Todd A. Berger *
Some years ago in a courtroom in Philadelphia, I found myself in a rather troubling predicament. My client threatened to stab me with a pen. I was his defense attorney. My client had been charged with a gunpoint robbery. He was picked out of a random photo array by the complainant a few days after the incident occurred. If we lost the trial, he was going to receive a sentence of at least ten to twenty years in prison.
*Associate Professor, Syracuse University College of Law. I am extremely grateful to the 2015 Clinical Writers‘ Workshop for giving me the opportunity to present this particular piece. I owe a special thanks to Professors Keith Findley, Jenny Roberts, Vida Johnson, and Joy Radice. Additional thanks are owed to Professors Lauryn Gouldin, Ann Pfeiffer, Jason Hoge, J.C. Lore, and Aliza Milner. I am extremely grateful to Megan Brooks, Victoria Radcliffe, and Cory Schoonmaker for their excellent research assistance. Lastly, a special thank you is owed to Hedimay Berger and Beverly Beaver for their editing, feedback, and general willingness to discuss this article far more than either of them would have liked.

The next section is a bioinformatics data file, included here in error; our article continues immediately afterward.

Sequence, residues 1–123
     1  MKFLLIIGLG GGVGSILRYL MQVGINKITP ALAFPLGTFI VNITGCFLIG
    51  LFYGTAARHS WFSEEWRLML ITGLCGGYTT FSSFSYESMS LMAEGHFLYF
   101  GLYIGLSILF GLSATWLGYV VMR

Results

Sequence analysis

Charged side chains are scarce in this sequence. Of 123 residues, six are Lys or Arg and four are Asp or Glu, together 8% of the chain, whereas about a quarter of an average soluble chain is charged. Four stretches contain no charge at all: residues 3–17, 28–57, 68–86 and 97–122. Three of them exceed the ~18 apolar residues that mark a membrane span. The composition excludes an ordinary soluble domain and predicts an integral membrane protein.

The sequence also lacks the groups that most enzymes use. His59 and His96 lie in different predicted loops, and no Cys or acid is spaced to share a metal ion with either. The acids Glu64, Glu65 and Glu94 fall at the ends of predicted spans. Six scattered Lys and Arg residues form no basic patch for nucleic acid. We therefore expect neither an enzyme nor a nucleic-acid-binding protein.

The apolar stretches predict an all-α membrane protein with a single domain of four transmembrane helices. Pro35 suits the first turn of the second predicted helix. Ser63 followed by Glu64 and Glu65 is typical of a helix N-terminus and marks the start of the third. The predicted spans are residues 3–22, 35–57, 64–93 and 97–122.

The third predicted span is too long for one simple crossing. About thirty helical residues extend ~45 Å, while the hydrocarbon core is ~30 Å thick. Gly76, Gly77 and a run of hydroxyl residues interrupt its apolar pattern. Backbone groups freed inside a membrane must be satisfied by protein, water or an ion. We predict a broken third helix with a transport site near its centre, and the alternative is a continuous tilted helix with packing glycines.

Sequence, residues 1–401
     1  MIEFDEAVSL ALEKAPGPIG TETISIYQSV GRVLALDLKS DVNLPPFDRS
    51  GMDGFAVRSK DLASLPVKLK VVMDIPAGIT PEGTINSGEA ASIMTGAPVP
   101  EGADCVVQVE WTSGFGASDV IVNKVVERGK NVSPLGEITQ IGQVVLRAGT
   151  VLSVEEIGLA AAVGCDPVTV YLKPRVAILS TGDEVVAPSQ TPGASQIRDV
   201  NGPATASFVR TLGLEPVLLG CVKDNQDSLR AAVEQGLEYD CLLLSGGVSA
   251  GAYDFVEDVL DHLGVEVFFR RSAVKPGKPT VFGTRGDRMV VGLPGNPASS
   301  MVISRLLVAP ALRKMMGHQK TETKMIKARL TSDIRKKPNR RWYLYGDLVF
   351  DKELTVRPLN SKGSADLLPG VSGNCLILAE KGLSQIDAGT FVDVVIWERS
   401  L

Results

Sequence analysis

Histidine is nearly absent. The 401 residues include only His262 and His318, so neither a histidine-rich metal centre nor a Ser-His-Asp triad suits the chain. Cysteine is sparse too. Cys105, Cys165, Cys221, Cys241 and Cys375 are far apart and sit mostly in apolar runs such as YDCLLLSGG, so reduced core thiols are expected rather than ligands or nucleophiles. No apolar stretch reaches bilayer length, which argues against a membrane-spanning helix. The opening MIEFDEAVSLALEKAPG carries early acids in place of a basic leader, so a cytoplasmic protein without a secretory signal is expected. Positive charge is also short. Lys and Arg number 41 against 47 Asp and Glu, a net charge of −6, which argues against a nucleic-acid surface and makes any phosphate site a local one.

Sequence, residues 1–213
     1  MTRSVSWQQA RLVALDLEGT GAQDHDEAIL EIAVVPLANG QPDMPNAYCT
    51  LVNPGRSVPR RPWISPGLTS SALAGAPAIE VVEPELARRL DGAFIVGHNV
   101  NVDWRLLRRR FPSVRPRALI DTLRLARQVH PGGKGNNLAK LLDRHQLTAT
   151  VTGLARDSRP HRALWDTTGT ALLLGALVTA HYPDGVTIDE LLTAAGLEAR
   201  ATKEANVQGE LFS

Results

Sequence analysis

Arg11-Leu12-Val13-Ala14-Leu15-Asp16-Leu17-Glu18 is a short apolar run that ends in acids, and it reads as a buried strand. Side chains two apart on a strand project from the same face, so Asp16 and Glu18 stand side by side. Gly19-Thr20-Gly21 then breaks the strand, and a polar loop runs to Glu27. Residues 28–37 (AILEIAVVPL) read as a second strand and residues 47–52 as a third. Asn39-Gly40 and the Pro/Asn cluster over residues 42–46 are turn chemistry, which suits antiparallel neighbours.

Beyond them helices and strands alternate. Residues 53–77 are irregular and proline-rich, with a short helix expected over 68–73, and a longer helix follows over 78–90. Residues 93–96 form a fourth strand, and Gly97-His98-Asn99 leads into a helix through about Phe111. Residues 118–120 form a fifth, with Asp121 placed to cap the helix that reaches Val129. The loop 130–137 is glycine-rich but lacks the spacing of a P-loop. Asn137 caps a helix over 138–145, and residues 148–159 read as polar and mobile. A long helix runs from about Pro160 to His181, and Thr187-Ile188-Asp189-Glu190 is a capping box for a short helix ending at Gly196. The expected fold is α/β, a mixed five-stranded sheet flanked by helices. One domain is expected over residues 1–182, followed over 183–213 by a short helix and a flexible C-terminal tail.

Michael D. Cicchini *
Lawrence T. White **
The Constitution protects a criminal defendant from conviction unless the government can prove guilt beyond a reasonable doubt. However, the Constitution does not require that trial courts use any particular set of words when defining reasonable doubt for the jury. Instead, a broad range of jury instructions have been deemed constitutionally acceptable, provided they do not diminish or dilute the government‘s high burden of proof.